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In this Packaging Possibilities podcast, our long-time contributing writer John R. Henry, owner of Changeover.com, talks about an impressive laser coder at the Videojet booth (S-2042) that marks on stainless steel, with a coding head on an umbilical cord for easy positioning.
Henry also comments on the usefulness of using vertical form-fill-seal systems to create 3-side sealed pouches with zippers or spouts, which is what I shared from seeing them at the General Packaging Equipment Co. (N-5704) and Triangle Package Machinery (S-1700) booths. Henry had recently authored an article about how 3-side-sealed pouches are made. Guess we have an update to that now!
Image courtesy of Lisa Pierce, Packaging Digest These 3-side-sealed spouted pouches were made on a General Packaging Equipment vertical form-fill-seal machine.
These 3-side-sealed spouted pouches were made on a General Packaging Equipment vertical form-fill-seal machine.
Image courtesy of Lisa Pierce, Packaging Digest Triangle moves the sealing jaws off to the side to create a 3-side-sealed pouch with a side zipper on its Delta Zipper Tape machine. The system also converts to create the standard pillow bag. Both formats run at 70 pouches per minute. IP69 washdown.
Triangle moves the sealing jaws off to the side to create a 3-side-sealed pouch with a side zipper on its Delta Zipper Tape machine. The system also converts to create the standard pillow bag. Both formats run at 70 pouches per minute. IP69 washdown.
I was also taken by the Brenton M3000 hybrid robotic/mechanical case packing system in booth N-5546. It has robotic arms doing case set up, product loading, and applying the glue to seal the wraparound case (photo at top of page). When I asked Brenton’s regional sales manager Kris Stubblefield why use a robotic arm for a traveling gun application, he answered, “Why not?!” Especially since there are good reasons. A robotic gluer allows more access into the machine because it’s out of the way for maintenance. It also provides ultimate flexibility in programming different glue patterns.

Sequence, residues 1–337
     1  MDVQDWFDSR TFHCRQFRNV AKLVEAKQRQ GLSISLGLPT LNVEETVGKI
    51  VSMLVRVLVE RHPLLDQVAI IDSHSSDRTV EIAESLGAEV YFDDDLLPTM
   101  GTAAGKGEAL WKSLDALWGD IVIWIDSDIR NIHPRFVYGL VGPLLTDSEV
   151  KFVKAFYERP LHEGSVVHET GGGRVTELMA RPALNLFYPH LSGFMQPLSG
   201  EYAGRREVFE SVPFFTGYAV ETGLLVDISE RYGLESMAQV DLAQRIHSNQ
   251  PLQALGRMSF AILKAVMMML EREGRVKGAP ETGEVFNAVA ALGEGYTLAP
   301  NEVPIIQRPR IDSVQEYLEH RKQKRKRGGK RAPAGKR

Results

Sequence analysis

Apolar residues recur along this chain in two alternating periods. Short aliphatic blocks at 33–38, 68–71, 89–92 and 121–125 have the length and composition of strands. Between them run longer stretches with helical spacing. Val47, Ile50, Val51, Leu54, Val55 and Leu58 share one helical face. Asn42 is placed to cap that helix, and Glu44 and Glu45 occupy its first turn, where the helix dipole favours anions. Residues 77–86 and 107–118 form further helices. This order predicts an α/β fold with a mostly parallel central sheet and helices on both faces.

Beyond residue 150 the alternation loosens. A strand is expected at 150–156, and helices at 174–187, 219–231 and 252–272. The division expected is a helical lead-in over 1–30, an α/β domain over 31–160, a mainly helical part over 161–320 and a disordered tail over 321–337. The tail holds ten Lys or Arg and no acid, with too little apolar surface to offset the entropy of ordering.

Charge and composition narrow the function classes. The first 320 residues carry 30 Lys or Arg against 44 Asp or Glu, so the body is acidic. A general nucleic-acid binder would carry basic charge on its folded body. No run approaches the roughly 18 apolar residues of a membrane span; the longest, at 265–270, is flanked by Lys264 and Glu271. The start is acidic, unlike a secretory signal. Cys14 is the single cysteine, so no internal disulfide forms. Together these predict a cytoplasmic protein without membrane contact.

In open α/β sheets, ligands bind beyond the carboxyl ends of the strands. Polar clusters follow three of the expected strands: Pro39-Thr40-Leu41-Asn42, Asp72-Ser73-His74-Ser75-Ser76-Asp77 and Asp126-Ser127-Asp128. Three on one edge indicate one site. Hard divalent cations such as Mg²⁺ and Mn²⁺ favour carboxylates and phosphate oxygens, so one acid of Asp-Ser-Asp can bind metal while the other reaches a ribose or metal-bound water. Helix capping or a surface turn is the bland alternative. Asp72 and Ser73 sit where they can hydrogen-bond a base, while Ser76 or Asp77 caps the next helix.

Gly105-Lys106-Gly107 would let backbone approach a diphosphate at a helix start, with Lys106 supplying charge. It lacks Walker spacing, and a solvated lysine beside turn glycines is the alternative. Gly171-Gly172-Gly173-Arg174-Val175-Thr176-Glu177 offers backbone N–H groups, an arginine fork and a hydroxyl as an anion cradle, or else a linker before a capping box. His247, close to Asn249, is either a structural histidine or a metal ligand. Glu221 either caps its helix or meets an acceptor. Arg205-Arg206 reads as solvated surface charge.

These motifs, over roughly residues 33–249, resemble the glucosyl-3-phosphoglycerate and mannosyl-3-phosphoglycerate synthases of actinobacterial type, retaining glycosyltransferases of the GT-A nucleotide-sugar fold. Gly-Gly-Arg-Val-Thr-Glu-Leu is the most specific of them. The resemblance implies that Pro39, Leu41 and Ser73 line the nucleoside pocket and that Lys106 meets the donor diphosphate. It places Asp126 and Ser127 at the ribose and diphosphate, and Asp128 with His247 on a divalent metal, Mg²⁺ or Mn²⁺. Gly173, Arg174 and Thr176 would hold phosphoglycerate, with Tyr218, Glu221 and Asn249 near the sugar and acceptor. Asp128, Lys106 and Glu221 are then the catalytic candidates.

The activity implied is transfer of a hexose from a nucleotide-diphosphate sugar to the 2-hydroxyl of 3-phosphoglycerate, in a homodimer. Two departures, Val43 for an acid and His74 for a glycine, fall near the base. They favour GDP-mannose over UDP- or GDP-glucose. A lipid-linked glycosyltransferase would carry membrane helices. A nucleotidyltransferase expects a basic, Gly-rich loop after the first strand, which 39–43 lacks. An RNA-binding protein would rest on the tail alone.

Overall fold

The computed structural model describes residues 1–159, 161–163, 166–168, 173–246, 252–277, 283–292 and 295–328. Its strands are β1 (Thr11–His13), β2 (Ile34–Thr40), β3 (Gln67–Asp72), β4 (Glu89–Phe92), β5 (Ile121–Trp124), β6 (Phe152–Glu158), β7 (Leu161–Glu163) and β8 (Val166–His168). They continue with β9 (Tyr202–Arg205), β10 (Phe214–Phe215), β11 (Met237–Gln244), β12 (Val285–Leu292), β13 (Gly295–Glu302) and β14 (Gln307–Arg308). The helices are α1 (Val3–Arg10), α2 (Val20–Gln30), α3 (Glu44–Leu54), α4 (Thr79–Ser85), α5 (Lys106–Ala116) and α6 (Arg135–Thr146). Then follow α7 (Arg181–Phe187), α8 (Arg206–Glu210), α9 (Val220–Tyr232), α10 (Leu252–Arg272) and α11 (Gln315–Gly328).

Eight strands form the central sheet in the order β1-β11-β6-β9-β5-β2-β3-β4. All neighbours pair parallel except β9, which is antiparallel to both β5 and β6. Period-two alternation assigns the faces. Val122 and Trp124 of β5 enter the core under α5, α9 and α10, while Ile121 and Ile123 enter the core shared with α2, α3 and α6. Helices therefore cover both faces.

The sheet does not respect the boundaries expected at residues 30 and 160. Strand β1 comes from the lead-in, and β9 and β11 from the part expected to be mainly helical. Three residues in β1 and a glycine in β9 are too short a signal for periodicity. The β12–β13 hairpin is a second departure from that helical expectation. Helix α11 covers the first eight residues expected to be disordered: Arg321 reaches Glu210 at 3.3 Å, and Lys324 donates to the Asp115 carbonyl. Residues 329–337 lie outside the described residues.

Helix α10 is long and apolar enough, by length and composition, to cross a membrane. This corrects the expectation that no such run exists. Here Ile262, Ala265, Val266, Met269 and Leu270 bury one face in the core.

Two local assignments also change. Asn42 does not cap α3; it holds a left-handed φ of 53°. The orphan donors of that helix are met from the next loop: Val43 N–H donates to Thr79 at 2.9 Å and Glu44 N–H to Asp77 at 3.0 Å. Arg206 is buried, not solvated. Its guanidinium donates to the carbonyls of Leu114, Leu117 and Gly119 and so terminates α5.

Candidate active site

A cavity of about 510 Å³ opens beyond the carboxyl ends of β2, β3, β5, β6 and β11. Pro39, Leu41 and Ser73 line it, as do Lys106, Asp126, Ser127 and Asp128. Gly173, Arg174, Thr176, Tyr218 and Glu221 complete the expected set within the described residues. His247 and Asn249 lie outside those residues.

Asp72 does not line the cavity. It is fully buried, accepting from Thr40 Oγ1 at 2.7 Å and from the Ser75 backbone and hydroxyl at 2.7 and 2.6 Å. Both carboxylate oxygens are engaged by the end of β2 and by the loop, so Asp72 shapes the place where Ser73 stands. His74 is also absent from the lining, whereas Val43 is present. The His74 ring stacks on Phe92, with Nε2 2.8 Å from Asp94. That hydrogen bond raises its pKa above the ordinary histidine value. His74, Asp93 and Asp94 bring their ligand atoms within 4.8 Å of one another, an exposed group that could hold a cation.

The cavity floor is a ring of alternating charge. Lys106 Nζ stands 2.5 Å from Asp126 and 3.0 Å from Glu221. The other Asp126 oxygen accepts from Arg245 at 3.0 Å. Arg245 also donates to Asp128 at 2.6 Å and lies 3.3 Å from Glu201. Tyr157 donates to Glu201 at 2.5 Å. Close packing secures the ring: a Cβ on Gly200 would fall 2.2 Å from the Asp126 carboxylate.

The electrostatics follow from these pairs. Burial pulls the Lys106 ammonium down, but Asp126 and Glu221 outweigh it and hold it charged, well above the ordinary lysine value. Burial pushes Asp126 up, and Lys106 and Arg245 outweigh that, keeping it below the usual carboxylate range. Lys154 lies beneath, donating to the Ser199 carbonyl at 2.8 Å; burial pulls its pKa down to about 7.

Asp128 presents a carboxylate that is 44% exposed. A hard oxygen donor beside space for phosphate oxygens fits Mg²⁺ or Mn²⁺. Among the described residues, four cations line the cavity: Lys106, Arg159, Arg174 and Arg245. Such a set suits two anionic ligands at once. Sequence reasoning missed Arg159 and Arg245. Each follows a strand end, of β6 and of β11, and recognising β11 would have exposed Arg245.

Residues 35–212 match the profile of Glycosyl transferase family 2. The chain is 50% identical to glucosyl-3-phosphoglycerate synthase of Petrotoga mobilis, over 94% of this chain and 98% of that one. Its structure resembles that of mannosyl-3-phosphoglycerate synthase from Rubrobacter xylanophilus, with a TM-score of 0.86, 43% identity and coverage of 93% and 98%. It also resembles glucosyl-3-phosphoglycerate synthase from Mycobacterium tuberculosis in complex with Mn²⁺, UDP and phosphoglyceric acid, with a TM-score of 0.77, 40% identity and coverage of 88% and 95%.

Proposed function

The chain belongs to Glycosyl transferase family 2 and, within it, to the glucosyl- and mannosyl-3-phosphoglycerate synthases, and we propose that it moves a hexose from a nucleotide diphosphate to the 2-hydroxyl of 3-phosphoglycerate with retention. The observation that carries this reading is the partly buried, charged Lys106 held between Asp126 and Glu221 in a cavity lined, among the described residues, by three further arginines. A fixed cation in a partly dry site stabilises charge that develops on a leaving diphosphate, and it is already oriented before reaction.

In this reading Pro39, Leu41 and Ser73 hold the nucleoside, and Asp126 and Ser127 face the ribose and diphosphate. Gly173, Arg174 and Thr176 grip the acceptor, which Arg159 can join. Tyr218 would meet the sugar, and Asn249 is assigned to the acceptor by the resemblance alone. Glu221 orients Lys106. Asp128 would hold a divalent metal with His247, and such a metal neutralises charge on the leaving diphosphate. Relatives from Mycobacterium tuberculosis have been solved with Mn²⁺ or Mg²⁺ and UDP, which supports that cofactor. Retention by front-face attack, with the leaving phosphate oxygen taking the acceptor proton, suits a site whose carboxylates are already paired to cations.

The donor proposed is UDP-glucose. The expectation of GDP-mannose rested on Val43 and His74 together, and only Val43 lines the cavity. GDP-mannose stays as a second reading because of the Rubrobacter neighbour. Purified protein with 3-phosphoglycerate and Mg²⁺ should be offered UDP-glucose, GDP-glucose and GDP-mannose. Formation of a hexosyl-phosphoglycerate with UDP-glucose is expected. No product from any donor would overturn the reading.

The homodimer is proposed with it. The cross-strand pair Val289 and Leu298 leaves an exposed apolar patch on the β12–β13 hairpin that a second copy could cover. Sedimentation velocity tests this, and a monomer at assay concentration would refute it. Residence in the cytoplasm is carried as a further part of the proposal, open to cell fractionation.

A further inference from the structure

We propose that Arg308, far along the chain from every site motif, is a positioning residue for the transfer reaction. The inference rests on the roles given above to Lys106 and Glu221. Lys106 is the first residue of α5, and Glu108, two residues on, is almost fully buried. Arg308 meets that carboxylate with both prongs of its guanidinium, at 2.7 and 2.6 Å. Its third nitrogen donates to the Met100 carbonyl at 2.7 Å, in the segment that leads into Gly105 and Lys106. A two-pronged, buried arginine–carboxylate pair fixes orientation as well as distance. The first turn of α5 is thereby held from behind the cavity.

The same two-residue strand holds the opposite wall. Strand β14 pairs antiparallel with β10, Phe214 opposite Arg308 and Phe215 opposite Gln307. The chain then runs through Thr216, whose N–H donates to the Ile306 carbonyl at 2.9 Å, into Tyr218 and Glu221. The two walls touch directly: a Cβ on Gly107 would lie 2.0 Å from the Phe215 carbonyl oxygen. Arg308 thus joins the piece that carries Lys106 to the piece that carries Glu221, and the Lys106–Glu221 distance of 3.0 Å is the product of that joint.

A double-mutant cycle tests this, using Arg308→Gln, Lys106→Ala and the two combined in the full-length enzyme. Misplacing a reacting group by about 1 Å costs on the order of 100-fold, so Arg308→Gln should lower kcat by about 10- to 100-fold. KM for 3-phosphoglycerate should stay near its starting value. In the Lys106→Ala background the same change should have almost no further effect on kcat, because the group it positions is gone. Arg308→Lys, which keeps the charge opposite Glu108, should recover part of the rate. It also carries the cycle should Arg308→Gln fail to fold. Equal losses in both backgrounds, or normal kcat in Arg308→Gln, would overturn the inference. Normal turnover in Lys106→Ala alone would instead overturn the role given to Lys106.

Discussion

Take a quick listen. Transcript to come later when I have time to add it.
PACKAGING POSSIBILITIES - Season 2: Episode 18
If you have a topic you’d like to propose for a future PACKAGING POSSIBILITIES episode, please email Lisa Pierce at [email protected] .
Lisa McTigue Pierce Hi, this is Lisa Pierce, Executive Editor of Packaging Digest, with another episode of Packaging Possibilities, a podcast that reveals what's new and what's next for packaging executives and engineers, designers and developers. I'm joined by our contributing writer John Henry, and we're both here … He's also the owner of changeover.com, and we're both here at the Pack Expo show.
End of day one and we wanted to share with you a couple of the really cool things that we've seen. John, thank you for joining us.
John Henry (guest) Thank you for having me, Lisa. And it's been a very interesting show. Long day, a lot of walking, but very interesting,
Lisa McTigue Pierce I agree. And one of the things that I'm gonna talk about I think is gonna make you happy because you have been talking about doing this for quite some time. There was a system here that I saw from the ProMach booths that had incorporated cobots into the system. It is a case packer. It was at the Brenton Booth which was at N as in Nancy 5546, the Brenton Booth. And it was the M3000, which is what was called a hybrid robotic and mechanical case packing system, which was so cool.
So they had incorporated a robot arm to do the case setup, and then you had an opportunity to do robotic product loading. And then the coolest thing that I have ever ever seen was they had a glue gun at the end of a robotic arm. And that's how they were sealing the cases. These were wraparound cases, and it was all incorporated into the system, and when I had the opportunity to ask the gentleman who was showing me things around, Kris, I asked him, why do a robot for the gluing? And he said Why not?!, which I thought was really fun. But there actually are some pretty good reasons for doing it that way. It allows you to give a little bit more access to the machine doing it that way. But it also gives them more flexibility in the different patterns. The glue patterns that they can do to seal the cases. So that was really cool.
I'm gonna do a second thing too that I saw that was really cool. But I'm gonna let you talk. Let John talk for a minute here to tell us what he saw.